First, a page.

Greenjeans in Red, pictured here in a very damp state lying brazenly on the guest room bed. I worked on it every chance I got over the weekend, which means it got grassy debris on it from sitting at the band hall waiting for errant buses to take us to band competition, and it got as bored as me, no doubt, at the annual pledge drive sermon at the UU church (I hope it enjoyed my quartet's lovely renditions of "Teach Your Children" and "You've Got a Friend (In Live Oak UU)" as much as I enjoyed belting them out). It did need a bit of blocking, to smooth out the ribbing at the bottom a bit, and to de-curl the edges of the sleeves and the neck band. The neckband did come out very nice, though, due to me actually picking up the correct number of stitches and knitting the correct number of rows. Once Mr. Greenjeans is dry, I will find and sew on a button, then wear and wear and wear! Finally I knitted something to wear that I like a whole bunch and of which I am not irritated by any parts.
Not only did I block this monster (and interestingly enough, it did not bleed out any color at all), but I finally blocked the surplice top, so perhaps nice photos of both apparel items will be available this week. The little irregularities in the neckband on this one seem much better now, and the lace panels look flatter. You may recall that the surplice top was made in naturally dyed cotton (Nashua Ecologie Cotton). It's fairly off-white, but it lost a lot of dye when I soaked it. If you make something with this yarn, be sure to wash it separately!
Frustration with Yarn
My happiness at soon having not one, but two wearable items made by me was dampened when I decided to get started on my next project. I plan to make the beautifully named "Scarf with the open and solid diamond lace edging from Weldon's, 1904" from Victorian Lace Today, out of Schaeffer Anne for my stepmother's Christmas gift. So, I hauled out my book, my needles and the yarn. I cheerfully placed the hank of yarn on my swift and started to ball it up. After trying both ends of the yarn it became very, very clear that the yarn had not been skeined skillfully. It doubled back on itself, twisted around itself, and generally did not act "nice."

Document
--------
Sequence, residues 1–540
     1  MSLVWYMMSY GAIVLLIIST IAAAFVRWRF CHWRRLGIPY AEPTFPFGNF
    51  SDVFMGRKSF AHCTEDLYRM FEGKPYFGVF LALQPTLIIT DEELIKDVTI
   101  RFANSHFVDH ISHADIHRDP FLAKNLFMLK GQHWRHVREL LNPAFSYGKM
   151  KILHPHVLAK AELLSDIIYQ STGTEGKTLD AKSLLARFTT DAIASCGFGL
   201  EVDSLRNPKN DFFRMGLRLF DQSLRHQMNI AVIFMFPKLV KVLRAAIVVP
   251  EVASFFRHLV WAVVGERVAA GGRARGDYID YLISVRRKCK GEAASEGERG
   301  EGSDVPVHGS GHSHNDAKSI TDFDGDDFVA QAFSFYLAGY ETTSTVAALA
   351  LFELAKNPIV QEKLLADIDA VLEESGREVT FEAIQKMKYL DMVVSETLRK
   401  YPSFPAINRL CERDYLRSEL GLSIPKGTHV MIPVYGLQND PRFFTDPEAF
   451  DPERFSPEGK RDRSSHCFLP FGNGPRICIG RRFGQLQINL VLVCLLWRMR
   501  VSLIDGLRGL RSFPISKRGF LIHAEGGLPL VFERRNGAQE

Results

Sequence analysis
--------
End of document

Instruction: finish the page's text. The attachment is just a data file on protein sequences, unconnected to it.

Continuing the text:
But, the colorway is such a beautiful collection of shades of turquoise. I really want to use it. So, I listened to football on television for three hours and slowly but surely wound the yarn into a ball. I wish I could report that I have rewound it and am ready to swatch, but, alas. There is still 1/4 to 1/3 of the yarn left to wind. AAACK! This evening, I will see how far I get once I return home from the exciting "Festival of the Bands," which features performances by all our District's high schools and middle schools. It would be way more exciting if I hadn't already seen each of the other high schools' show at least once, and a couple of them twice. My Redwood Pagoda Lace socks will accompany me--who knows, I might get darned close to finishing them tonight!